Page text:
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The Marginal Cost of Public Funds in Developing Countries: An Application to 38 African Countries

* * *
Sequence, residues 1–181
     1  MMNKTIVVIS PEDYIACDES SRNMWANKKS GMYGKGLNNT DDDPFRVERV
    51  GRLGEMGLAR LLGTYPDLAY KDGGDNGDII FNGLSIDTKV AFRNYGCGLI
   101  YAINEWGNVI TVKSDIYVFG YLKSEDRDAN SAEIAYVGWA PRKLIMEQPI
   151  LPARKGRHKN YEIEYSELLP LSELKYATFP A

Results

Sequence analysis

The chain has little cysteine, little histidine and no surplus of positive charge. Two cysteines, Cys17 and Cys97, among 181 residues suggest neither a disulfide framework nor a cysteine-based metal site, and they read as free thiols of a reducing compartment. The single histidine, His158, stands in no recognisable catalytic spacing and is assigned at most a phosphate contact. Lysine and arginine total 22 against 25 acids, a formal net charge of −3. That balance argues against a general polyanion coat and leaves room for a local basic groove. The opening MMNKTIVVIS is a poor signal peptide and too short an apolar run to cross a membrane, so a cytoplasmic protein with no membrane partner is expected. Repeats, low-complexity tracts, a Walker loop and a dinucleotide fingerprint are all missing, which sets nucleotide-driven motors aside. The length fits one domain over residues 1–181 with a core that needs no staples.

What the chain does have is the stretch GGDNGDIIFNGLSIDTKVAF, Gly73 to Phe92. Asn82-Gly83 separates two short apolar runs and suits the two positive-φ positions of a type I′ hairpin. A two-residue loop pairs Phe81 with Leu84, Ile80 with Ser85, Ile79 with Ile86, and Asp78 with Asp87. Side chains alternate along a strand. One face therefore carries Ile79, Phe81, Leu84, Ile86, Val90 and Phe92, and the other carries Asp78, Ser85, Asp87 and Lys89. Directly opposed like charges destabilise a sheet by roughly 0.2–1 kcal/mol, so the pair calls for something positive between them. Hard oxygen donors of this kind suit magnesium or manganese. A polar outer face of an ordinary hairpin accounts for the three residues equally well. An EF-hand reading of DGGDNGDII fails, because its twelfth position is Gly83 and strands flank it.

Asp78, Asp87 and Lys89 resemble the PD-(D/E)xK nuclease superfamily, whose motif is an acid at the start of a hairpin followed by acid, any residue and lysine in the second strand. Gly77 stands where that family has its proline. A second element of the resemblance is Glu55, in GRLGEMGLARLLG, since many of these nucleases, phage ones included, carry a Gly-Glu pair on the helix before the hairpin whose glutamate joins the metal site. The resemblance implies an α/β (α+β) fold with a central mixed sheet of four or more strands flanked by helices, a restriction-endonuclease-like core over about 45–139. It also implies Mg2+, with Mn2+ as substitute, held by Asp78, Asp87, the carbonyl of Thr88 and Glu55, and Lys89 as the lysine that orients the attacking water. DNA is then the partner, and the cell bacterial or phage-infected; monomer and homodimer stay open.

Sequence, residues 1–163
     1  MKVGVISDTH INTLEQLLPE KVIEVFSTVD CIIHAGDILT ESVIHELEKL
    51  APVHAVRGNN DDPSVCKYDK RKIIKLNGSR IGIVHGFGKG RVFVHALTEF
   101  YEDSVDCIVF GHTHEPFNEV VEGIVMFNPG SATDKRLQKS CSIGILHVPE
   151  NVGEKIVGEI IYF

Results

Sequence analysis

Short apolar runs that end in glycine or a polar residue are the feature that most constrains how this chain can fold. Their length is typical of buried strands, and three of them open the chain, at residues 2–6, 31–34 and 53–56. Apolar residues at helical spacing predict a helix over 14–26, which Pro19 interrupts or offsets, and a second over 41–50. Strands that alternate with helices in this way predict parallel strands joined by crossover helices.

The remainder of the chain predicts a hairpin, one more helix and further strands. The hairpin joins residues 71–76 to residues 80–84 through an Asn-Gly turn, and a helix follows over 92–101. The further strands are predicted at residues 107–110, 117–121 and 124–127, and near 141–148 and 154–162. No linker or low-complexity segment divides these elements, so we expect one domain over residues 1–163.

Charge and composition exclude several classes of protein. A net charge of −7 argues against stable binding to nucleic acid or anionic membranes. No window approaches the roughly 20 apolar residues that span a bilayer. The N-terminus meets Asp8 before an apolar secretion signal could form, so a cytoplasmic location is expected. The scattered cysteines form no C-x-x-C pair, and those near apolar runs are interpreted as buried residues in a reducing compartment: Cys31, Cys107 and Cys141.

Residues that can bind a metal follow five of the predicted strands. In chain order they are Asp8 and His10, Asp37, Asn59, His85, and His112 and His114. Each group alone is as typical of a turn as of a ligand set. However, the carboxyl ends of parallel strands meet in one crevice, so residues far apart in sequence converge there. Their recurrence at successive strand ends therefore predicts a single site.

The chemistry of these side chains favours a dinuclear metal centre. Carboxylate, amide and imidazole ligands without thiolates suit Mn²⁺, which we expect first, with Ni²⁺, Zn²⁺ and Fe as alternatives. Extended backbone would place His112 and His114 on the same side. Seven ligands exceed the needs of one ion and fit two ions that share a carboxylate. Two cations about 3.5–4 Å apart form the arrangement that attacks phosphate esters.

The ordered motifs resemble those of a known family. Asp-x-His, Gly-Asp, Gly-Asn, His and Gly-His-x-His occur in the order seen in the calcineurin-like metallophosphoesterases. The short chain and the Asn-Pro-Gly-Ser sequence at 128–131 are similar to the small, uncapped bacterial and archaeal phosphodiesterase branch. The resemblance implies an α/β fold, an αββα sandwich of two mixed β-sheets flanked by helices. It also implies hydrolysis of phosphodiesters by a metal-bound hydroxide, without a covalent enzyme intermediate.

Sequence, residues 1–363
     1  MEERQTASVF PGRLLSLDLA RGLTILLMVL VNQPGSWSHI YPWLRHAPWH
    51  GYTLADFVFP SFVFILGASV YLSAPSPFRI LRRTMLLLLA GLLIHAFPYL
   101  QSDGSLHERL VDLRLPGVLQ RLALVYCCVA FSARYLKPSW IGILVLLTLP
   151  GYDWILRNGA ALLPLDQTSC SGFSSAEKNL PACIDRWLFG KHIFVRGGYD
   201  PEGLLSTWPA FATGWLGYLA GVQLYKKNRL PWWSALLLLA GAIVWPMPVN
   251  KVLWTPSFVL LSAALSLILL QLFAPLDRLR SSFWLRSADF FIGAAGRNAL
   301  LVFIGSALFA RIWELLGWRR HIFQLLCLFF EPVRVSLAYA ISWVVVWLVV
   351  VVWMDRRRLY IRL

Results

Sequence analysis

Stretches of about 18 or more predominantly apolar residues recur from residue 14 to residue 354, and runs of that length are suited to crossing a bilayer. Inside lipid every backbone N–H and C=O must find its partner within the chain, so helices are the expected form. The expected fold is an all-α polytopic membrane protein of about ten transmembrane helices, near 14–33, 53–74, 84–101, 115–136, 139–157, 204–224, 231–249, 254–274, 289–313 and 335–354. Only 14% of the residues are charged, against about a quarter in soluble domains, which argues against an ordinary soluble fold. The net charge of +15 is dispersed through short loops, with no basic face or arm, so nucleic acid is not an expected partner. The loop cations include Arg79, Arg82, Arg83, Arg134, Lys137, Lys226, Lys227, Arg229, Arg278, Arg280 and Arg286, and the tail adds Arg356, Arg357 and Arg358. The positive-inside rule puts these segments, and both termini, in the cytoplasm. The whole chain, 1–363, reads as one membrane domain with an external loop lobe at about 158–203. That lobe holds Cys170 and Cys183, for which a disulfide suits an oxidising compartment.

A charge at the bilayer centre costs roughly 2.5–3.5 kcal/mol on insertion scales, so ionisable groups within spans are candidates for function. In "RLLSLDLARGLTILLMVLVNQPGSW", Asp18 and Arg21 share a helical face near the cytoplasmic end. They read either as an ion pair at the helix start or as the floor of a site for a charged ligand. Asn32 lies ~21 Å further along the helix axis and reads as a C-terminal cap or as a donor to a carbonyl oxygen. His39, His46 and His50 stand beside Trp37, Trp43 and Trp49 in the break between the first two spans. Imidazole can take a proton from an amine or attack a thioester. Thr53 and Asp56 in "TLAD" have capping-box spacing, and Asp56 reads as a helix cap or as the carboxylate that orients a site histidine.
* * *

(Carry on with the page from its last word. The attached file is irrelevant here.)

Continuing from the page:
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The Marginal Cost of Public Funds in Developing Countries: An Application to 38 African Countries Michael Warlters1 and Emmanuelle Auriol2 3rd October 2007 Abstract: In this paper we propose estimates of the marginal cost of public funds (MCF) in 38 African countries. We develop a simple general equilibrium model inspired by the ’1-2-3’ model of Devarajan, Go, Lewis, Robinson, & Sinko (1994) that can handle taxes on the five major tax classes, takes account of the informal sector, and can be calibrated with little more than national accounts data. Sensitivity analysis suggests that our base case estimates are reasonably robust for purposes of tax reform. Contrary to con- ventional wisdom, differences in MCF are not strongly related to the wealth of the country. We hence show that a reasonable estimate of the average MCF in Africa is 1.17. On the other hand, there is a strong relationship between the size of the informal sector and the value of MCF. This suggests that welfare could be improved by reducing red tape barriers to business entry into the formal sector. JEL Classification Numbers: D43, H25, H26, H32, H60 1World Bank 2Toulouse School of Economics, corresponding author: [email protected] 1 1 Introduction Tax revenue as a proportion of GDP is typically 20% lower in African coun- tries than in rich OECD countries. Yet one of the salient features of African countries is an apparent under-provision of public goods in areas such as health, basic education or infrastructure. If there are unrealized benefits from public spending, why isn’t taxation increased to enable more public projects to be undertaken? There are various possible responses to this question, and the answer may be different in different countries. Some African govern- ments may not have the objective of maximizing social well-being, and so may under-provide public goods. Perhaps the assumption of high returns to public spending is false in practice, possibly because of inefficient or corrupt imple

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